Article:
Since July, we expected oil prices would move upward, with the price of Brent crude reaching $90/bbl and OPEC+ remaining proactive in adjusting supply to counteract disappointing economic news and negative trader sentiment.
We also put forth the view that oil prices would not break through $100/bbl—not only because of continued concerns about the global economy, but also because of increased supply from producers outside of the OPEC+ quota system, including sanctioned producers (namely Venezuela and Iran). Additionally, we expected U.S. production to increase this year even with the decreasing rig count.
Therefore, considering our expectations for demand along with supply, our base case called for oil prices to moderate moving into the fourth quarter, in part because the gap between demand and supply would not be as great as some market participants were currently expecting.
We also have been highlighting that a major upside risk to oil prices stemmed from geopolitics that could result in disruption to oil production and oil movement—most notably from the Russia-Ukraine conflict and from the tensions between Iran and the U.S. The geopolitical risk became more tangible recently with the outbreak of the conflict between Israel and Hamas.
Prior to the initiation of the conflict in Israel, the dynamic of the last few weeks aligned with our expectations that the price of Brent crude would be under pressure and would test $90/bbl again. The price of Brent crude broke below $90/bbl during the first week of October, falling to $84.07/bbl before rebounding slightly at the end of the week.
The sharp drop-off in oil prices occurred even though the Joint Ministerial Monitoring Committee of OPEC+ announced (as expected) no change with respect to current production cuts. During that week, the sentiment of Brent oil traders continued to turn more bearish with net long positions decreasing by 10.35% after decreasing the prior week by 8.29%. The net long positions of traders of WTI also decreased, which broke the streak of four consecutive weeks of increases.
The dynamics of the oil market during the last few weeks, however, were disrupted by the initiation of the conflict in Israel, which had an immediate impact on oil prices with concerns that the conflict would expand beyond Israel, in part because Hamas took hostages that include citizens from Western countries, including the U.S.
Additionally, there have already been exchanges between Israel and with Hezbollah’s positions in Lebanon. The more significant risk of escalation is associated with Iran, which is a supporter of Hamas and Hezbollah. Additionally, prior to the attack, Iran had been increasing its efforts to disrupt shipping through the Strait of Hormuz, including seizing vessels and confronting U.S. Navy ships. To show support for Israel and to discourage outside actors from becoming involved, the U.S. has moved two aircraft carriers to the region. The situation is reaching a critical point as of the time of writing this, with Israel preparing for a military incursion into Gaza proceeded by a bombing campaign.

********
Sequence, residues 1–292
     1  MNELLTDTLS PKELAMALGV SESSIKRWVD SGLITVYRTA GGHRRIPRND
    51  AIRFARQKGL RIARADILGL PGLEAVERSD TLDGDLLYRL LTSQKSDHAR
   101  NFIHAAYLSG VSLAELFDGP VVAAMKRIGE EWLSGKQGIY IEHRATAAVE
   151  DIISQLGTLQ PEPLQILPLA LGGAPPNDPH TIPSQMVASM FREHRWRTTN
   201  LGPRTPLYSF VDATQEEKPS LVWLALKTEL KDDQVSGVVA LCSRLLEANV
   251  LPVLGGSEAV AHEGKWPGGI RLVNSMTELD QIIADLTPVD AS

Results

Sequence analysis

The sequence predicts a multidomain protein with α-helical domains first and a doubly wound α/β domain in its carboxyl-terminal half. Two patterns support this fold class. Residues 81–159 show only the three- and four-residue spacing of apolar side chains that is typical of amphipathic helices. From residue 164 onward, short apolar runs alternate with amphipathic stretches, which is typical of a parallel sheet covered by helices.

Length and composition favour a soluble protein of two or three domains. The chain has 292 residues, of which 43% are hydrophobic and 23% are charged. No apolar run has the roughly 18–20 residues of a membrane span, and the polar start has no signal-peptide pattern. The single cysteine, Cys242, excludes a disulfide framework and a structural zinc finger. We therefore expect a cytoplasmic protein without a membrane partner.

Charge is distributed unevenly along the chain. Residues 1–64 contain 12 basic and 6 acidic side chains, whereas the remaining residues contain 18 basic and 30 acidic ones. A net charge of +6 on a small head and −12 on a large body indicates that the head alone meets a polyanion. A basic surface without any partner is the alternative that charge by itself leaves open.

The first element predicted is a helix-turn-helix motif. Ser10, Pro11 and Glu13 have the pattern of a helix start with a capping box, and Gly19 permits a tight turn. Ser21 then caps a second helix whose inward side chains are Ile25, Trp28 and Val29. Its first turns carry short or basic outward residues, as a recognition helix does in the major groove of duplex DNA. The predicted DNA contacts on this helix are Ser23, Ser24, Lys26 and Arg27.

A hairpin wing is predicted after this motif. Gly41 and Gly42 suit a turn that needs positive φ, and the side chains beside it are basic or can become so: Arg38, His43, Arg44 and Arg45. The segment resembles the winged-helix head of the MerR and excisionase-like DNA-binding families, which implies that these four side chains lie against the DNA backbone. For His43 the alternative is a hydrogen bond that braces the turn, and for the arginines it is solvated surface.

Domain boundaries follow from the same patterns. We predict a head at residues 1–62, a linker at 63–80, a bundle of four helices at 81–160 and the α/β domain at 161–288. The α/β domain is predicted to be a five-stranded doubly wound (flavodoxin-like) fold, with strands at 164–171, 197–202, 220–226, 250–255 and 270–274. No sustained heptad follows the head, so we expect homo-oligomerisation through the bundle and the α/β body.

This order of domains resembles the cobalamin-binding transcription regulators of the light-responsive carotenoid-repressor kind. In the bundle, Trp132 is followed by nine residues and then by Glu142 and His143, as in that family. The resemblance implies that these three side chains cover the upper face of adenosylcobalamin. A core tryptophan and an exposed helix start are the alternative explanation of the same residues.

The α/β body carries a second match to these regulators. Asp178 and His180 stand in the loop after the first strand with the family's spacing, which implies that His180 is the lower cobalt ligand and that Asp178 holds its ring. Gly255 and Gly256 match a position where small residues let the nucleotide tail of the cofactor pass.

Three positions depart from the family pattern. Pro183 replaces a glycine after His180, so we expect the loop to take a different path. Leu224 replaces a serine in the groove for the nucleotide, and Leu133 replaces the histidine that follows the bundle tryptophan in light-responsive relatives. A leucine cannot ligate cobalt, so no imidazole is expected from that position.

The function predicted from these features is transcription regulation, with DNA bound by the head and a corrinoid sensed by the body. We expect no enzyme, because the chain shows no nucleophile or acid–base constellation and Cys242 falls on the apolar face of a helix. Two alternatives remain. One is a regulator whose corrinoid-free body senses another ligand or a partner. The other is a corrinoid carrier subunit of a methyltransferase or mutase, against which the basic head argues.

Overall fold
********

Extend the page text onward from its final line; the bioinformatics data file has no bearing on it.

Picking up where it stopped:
Where oil prices go next depends on how the conflict plays out. In the very short term, the price of Brent crude could test $95/bbl. If the conflict is contained and the threat to the flow of oil is mitigated, the risk premium will start eroding and the previous price dynamics will govern price movements.
The possibility remains, however, that the conflict could expand with the potential for the direct participation of Western countries. That scenario involves not only Iran, but could also draw in Russia and China, given that both have increased their ties with Iran during the last few years. China is a major buyer of Iran’s energy exports and Russia has been acquiring weapons from Iran.
Additionally, some politicians in the U.S. are trying to link the conflict in Israel with the conflict in Ukraine with the view that Iran is playing a central role in both conflicts. With this scenario, the price of Brent crude could test $115/bbl—and even go higher if there is a disruption to oil supply—either because of physical interference or because of an embargo imposed by oil producers in opposition to supporters of Israel.
The more hopeful scenario is still the most likely; however, the scenario depends on the following set of developments:
- Israel exhibits restraint in addressing Hamas, in part, from pressure from the Biden administration along with public opinion;
- Neither Iran nor the U.S. become directly involved in military conflict, even though there are some on both sides voicing support for such action;
- Saudi Arabia does not support any calls for an oil embargo, but instead is willing to add supply if needed to stabilize the market;
- Russia attempts to play a positive role in resolving the conflict, even though Russia has expressed support for Palestine (and Hamas) and is an ally of Iran; and
- China continues monitoring the situation and encourages an equitable solution to the conflict.
Regardless, the conflict will be disconcerting with social unrest and trip wires that present the possibility of the situation spinning out of control.
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